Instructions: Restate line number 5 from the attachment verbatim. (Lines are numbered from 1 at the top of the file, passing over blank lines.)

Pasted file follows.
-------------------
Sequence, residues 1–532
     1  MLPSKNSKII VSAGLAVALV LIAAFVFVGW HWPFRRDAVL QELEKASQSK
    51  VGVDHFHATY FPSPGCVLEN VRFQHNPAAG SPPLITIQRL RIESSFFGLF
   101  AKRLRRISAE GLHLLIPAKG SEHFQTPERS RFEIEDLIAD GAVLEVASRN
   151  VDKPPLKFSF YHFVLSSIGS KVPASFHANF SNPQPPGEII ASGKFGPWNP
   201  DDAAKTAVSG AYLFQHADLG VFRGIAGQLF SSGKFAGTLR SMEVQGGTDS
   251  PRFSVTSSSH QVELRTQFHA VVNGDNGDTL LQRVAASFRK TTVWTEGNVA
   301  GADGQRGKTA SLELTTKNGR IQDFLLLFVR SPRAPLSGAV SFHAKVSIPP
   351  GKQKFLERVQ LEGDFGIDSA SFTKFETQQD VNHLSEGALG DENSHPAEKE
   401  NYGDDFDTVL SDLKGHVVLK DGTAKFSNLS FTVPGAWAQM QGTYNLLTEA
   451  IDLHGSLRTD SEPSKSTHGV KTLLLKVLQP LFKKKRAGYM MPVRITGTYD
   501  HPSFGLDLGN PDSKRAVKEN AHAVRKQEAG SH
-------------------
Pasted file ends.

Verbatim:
   151  VDKPPLKFSF YHFVLSSIGS KVPASFHANF SNPQPPGEII ASGKFGPWNP